In Anaheim, with Rodriguez graduating to the big club, Kotchman assumed the top spot in the Angels system, placing ahead of Mathis, Dallas McPherson, Ervin Santana, and Jenks. The team's 2001 draft was touted as having the potential to “go down as one of the strongest in recent history if Kotchman, Jeff Mathis, and Dallas McPherson all continue on their recent tracks.” That sentence now looks better if you end it after the second word. Despite playing just 64 games in 2003 due to a torn right hamstring, Kotchman hit when healthy, his bat eliciting comparisons to Will Clark and Todd Helton. Number 14 on the Angels list this year? Howie Kendrick.

Loney, meanwhile, slipped to fourth in the Dodgers organization, behind Edwin Jackson, Greg Miller, and Gutierrez. After breaking his left wrist toward the end of the previous season, Loney hit just seven homers at High-A Vero Beach in 2003, leading to inevitable Grace comparisons, although his writeup also noted that Loney was “still growing and projects to hit 30 homers annually.” Elsewhere in the system, Hill (9) paced the catchers, with Martin (18) jumping into the picture. Unranked: Matt Kemp, Shane Victorino.

2005
Here is what each player did in 2004:

Player

Age

Level(s)

PA

BA

OBP

SLG

HR

BB

K

Adrian Gonzalez

22

AAA/MLB

552

.299

.356

.451

13

41

79

Casey Kotchman

21

AA/AAA/MLB

478

.331

.391

.478

8

31

43

James Loney

20

AA

442

.238

.314

.327

4

42

75

 

And here is how they ranked before the following season:

Player

Jim Callis

Will Lingo

John Manuel

 Allan Simpson

BA100

Adrian Gonzalez

Casey Kotchman

6

10

6

9

6

James Loney

45

62

 

Gonzalez and Loney plummeted due to concerns about power. Gonzalez fell to eighth on the Rangers list, and his comp went from Grace to Doug Mientkiewicz. And we are reminded again that although comps can be useful as rough points of reference, there is a certain danger in relying on them too much. One can envision Maxwell Smart explaining it all to the Chief:

Smart: This kid is gonna be great, another Rafael Palmeiro.

Chief: I don't believe you.

Smart: Would you believe... Mark Grace?

Chief: No.

Smart: Would you believe...  Doug Mientkiewicz?

And so Doug Mientkiewicz becomes shorthand for “not Mark Grace,” which is limited in its utility. Gonzalez's continued drop in status makes the Rangers' decision to give him to the Padres at least understandable, if not entirely defensible. If the Rangers thought they were giving away Mientkiewicz, then the trade for Adam Eaton and Akinori Otsuka makes sense. The problem is that the original comp of Palmeiro in the 2003 book turned out to be more accurate... which nobody knew at the time, which is why trying to project the future performance of young men who haven't figured out what they're supposed to be doing out there can be such an aggravating exercise.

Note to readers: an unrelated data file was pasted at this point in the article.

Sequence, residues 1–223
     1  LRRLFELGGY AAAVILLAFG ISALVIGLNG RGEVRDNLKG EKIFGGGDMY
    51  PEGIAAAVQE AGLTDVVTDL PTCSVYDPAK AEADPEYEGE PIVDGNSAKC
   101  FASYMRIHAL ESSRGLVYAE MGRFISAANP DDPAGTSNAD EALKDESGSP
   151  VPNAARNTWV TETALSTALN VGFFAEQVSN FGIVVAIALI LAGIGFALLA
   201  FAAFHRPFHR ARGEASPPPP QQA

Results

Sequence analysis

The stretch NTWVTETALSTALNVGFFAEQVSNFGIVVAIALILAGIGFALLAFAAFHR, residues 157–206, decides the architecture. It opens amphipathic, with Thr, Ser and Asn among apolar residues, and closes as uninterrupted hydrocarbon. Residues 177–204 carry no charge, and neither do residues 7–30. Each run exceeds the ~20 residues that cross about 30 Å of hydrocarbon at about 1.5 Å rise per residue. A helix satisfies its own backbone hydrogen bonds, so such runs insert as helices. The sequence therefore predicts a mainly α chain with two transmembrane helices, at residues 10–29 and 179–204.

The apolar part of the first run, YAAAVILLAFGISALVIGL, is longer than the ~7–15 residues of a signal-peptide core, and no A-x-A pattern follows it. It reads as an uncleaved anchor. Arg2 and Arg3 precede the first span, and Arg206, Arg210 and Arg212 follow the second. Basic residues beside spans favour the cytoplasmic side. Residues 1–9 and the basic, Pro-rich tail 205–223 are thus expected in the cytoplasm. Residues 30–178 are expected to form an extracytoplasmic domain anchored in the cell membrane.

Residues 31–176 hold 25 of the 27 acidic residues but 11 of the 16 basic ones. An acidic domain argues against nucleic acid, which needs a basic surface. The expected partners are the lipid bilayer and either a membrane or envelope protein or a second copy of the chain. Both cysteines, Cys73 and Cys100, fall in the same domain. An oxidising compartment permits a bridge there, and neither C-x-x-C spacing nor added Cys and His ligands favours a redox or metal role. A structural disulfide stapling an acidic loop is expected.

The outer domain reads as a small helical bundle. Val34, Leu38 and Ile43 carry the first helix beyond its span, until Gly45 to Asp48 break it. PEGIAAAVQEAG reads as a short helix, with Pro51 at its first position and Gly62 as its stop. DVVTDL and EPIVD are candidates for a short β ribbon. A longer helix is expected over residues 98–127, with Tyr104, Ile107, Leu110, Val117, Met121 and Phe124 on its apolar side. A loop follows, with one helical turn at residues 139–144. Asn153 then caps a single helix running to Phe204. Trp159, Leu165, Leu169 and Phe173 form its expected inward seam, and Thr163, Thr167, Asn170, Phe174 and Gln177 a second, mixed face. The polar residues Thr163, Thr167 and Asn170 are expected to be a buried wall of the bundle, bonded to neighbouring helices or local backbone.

Loney, whom I actually compared to Mientkiewicz in March (I'm a sucker for shorthand... not to mention shortbread, but that's another story), fell to fourth on the Dodgers list after again failing to crack double digits in home runs. The prognosis went from “projects to hit 30 homers annually” to “some have suggested his swing path might not be conducive for big-time home run production” faster than you can say Mient—oh, never mind. Loney's career slugging percentage was .407 in more than 1,200 minor-league plate appearances at this point. (Kemp, if you're wondering, made his debut on the Dodgers list at 28, one slot behind Franquelis Osoria.)

Kotchman again missed time due to injury but played in a career-high 115 games and saw his stock continue to rise. His writeup called him “a leading contender for Rookie of the Year” in 2005. Others of interest in the Angels top 30 included Erick Aybar (3), Kendrys Morales (5), Ervin Santana (7), Howie Kendrick (8), Alberto Callaspo (9), Mark Trumbo (11), Joe Saunders (13), Maicer Izturis (16), Kevin Jepsen (19), and Mike Napoli (29). Given that their top two prospects (Kotchman and McPherson) didn't pan out, it's no surprise that the Angels ranked as Baseball America's top organization. They were loaded with talent.

The five prospects in baseball ranked ahead of Kotchman before the 2005 season were Joe Mauer, Felix Hernandez, Delmon Young, Ian Stewart, and Joel Guzman. The best at first base was Kotchman, followed by Prince Fielder (15), Brian Dopirak (21), Ryan Howard (27), Daric Barton (32), Michael Aubrey (41), and Loney.

* * *

There's a look at three once-promising first basemen whose careers have veered in different directions. Two of them, Gonzalez and Loney, are now forever linked in the minds of fans everywhere. A third, Kotchman, is linked to both in my mind because I'm weird.

There's also a look at the nature of evaluating prospects. Gather a Jenksload of information from reliable sources, make your best guess, and then wait several years for people to call you an idiot for putting Kotchman and Loney ahead of Gonzalez back in the day. Sound like fun?

Of course it does. It's baseball.

6 comments have been left for this article.